Myopic vision of the world

Mandelbaum, and similar outlooks that conflate national and global interests, seem blind to the tensions between what is good for the US and its friends and what is good for the world and its peoples. And no more serious blindness, or is it merely acute myopia, exists than does the Mandlebaum contention that the greatest danger from nuclear weapons arises from those political actors that do not possess them rather than from those that have used such weaponry in the past, and continue to deploy nuclear weapons in contexts of strategic concern. One can only wonder about the absence of the word “drone” in Mandelbaum’s account of why the world should be grateful for the way the US globally projects its power!

There are additional difficulties with Mandelbaum’s global vision, including a glaring internal contradiction. He praises the US for exerting a pro-democracy influence throughout the world. While this praise is partially deserved, it, however, fails to note either the inconsistencies in its application or the complete failure to consider the consent of the peoples and other governments in relation to US de facto world government.

I doubt that there would be many supporters of the Mandelbaum prescriptions for governing the world in Moscow and Beijing despite the benefits that are supposedly bestowed upon Russia and China. Somehow, the politics of self-determination and procedural democracy are fine for state/society relations, but when it comes to governing the world democracy, it is quite okay to base the system on global authoritarianism.

In depicting the future, Mandelbaum calls our attention to three scenarios that bear on his thesis. In what he calls “the most favourable of these”, those that have most to gain, namely, Europe and Japan would assist the US, and lighten the burdens of world government. Such a prospect is really thinly disguised alliance-oriented, although in a presumably less conflictual global setting. He does not view this future as the most likely one. The least favourable would be a challenge from China that would induce a return to balance of power world order in which countervailing alliances would produce a security system that resembled international relations during the Cold War.

Status quo

Mandelbaum, nonetheless, assumes that the Chinese are too wily to opt for such a risky future. What he views, as most likely, is a continuation of the present arrangements without great help from allies or much hindrance from adversaries. The unknown, that he does acknowledge, is whether the American public will continue to finance such a system of world government given its setbacks in Iraq and Afghanistan, as well as growing domestic pressures to cut public spending and reduce taxes in response to the burdens of a rapidly ageing population.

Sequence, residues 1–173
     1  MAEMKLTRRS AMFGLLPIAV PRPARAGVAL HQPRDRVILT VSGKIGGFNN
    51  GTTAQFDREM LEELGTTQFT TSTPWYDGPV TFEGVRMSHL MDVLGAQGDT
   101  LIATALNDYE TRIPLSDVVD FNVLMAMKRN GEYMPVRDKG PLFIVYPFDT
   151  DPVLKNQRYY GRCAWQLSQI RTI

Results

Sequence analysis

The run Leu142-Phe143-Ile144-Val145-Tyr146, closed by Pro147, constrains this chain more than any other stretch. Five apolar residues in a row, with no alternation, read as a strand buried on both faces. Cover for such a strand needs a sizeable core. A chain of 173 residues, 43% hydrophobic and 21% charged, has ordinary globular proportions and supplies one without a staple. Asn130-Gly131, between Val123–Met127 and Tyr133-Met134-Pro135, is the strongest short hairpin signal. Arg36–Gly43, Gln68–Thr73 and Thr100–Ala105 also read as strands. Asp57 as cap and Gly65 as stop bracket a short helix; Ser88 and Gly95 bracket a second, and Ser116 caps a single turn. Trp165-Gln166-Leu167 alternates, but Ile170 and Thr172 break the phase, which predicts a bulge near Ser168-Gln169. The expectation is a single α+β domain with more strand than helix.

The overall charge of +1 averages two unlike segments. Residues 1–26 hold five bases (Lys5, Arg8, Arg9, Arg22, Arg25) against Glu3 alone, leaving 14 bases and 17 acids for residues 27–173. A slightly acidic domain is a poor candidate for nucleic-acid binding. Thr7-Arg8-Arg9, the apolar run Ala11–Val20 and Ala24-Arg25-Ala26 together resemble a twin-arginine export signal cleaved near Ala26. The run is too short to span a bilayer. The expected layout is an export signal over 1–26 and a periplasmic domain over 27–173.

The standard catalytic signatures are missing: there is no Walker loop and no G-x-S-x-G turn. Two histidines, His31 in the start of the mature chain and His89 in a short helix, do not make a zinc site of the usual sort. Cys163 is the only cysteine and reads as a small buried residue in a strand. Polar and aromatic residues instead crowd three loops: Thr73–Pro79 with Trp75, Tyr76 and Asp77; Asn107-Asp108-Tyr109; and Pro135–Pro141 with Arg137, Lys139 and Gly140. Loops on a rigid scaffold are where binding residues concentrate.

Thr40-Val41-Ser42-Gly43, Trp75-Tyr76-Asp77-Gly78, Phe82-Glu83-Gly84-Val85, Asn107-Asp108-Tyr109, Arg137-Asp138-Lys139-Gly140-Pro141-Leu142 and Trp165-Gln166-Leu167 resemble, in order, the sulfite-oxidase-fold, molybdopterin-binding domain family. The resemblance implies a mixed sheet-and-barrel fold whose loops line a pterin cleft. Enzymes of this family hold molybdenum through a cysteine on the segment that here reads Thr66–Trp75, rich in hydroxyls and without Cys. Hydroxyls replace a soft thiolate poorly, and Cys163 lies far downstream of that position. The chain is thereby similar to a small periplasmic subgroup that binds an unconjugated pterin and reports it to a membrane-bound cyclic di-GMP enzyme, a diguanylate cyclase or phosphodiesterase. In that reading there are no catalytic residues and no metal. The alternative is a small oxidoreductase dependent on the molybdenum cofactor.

It is well to appreciate that this new discourse of imperial duty and prerogative is framed as a matter ofglobal scope. This is genuinely new. Yet it is quite old. Throughout the evolution of modernity, the West has always cast itself in the role of being the saviour of the whole of humanity. In the colonial era this gift to humanity was described as the “white man’s burden” or proclaimed to be the “civilising mission” of the West. As those living in the global south are well aware, this lofty language provided the rationale a variety of forms of violent exploitation of the non-West. For Mandelbaum is offering the world a new rationale for Western dominance under the heading of “de facto world government”. It purports to be a service institution for the world. It is nowhere acknowledged that a disproportionate amount of the violence, militarism, and appropriation of resources and wealth emanates from the US.

If persuaded by Mandelbaum’s argument, the peoples of the world and their leaders should be grateful that the US is shouldering the responsibilities of governing the world. I would expect that the more likely emotion of non-American readers is to be dismissive, and to wonder how such arrogance can withstand the facts that this pretence of US guardianship of global interests has so little positive to show for itself in recent decades.

Richard Falk is Albert G Milbank Professor Emeritus of International Law at Princeton University and Visiting Distinguished Professor in Global and International Studies at the University of California, Santa Barbara. He is also the United Nations Special Rapporteur on Palestinian human rights.

The above article is from:

http://www.aljazeera.com/indepth/opinion/2014/01/new-american-idol-should-us-rule-world-201411852842910837.html  (18 Jan 2014 )

If America is no longer capable of maintaining its position in the world then who will be the ‘New World Order’ ?

This is the first quarter of the 21st Century. Is this merely a transitional period between war and peace ?